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Breaking Down the Food Software Demonstration

Mon, 11/02/2009 - 6:19am
Jay Deakins, President, Deacom, Inc.


A key aspect of recipe management is the ability to establish and maintain process controls in QA/QC. If an item is required to test within specific parameters, a fully integrated system should prevent users from taking the next step in the process until the test results are satisfactory.

After nearly $245,000 in expenses, a Connecticut stone and tile company had an Enterprise Resource Planning (ERP) software system it says never worked the way its vendor promised – so the company filed a lawsuit. It’s just one of multiple such ERP cases you read about each year, many of which may have been avoided with a more careful software selection process. Too often companies get distracted by the “bells and whistles” of ERP systems – like flashy user interfaces and graphics-filled reports – and end up with programs that have nice-to-have features but don’t satisfy the core business requirements of your company.

You can avoid this scenario by taking a targeted approach to ERP system evaluation. The key is to focus exclusively on the unique requirements of your food manufacturing business during structured online software demonstrations. In these Internet-based conference calls – which take place after vendors conduct an initial needs analysis of your business processes and requirements – vendors walk you through a screen-by-screen tour of their system and let you ask questions about how it would work for your food business. By seeing how different programs can work for your business, you can narrow a broad vendor list for a final selection. The only catch: You’ve got to know what to look for and what to ask during an online demo.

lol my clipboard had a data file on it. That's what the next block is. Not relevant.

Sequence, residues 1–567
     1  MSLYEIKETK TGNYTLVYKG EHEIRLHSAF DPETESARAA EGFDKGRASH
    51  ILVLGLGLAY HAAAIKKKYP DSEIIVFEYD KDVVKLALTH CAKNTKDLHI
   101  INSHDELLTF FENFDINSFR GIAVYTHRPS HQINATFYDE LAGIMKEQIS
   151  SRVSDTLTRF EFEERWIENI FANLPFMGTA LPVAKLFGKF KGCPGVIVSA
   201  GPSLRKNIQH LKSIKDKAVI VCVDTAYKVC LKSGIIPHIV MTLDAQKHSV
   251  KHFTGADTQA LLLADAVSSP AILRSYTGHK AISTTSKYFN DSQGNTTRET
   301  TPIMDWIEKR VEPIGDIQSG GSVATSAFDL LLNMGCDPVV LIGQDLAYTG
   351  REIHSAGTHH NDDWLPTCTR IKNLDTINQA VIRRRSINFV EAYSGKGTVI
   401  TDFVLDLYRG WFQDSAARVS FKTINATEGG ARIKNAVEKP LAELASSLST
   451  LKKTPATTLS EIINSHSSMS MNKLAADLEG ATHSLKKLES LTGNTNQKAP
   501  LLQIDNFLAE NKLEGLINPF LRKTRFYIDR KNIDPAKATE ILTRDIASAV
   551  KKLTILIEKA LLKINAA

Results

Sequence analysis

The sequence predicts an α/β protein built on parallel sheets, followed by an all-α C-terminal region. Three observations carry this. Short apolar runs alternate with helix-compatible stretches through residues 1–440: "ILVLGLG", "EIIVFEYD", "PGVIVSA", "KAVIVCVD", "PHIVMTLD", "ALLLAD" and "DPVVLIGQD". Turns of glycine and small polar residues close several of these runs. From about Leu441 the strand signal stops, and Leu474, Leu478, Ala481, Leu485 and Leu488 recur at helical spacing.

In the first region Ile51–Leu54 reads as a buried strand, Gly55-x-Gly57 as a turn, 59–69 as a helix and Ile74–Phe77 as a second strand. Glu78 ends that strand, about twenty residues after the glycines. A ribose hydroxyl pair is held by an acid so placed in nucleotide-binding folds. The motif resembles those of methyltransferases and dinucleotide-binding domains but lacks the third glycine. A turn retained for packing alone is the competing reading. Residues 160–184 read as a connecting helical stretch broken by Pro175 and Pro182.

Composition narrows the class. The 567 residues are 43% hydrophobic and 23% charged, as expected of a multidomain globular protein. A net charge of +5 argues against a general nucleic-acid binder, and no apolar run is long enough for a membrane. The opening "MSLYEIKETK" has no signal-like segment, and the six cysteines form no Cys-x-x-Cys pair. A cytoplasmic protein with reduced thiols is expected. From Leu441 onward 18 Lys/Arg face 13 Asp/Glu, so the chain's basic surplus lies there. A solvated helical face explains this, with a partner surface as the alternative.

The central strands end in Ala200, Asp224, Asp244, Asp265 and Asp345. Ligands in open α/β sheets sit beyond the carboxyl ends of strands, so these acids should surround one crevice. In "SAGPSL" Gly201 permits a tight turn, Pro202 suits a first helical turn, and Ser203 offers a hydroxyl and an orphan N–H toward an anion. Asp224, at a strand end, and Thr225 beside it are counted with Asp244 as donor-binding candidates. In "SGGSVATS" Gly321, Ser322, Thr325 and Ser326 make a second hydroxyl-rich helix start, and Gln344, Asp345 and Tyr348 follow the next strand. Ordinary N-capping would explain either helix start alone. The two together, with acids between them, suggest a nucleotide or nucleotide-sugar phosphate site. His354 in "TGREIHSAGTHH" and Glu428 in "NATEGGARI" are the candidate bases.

This article provides some of the main topics you should consider and important questions you should pose in five key functionality areas during an initial ERP software demonstration: integration, recipe management, production and inventory control, sales, and reporting. By following this roadmap, you’ll avoid being sidetracked by system “bells and whistles” that you don’t need, so you stay on course to get the information necessary for finding the software system that best fits your business.

The Power of Simplicity

The first step in evaluating an ERP system is to find out whether the software integrates all your business processes – including sales order entry, purchasing, recipe management, inventory, lot control, quality control/quality assurance, production, accounting, and reporting – in one program. This is critical because, if the system is not fully-integrated, you’ll need to use multiple software systems and/or manual processes, such as spreadsheets and word processing documents, to cover all your bases. With that setup, you face many potential problems.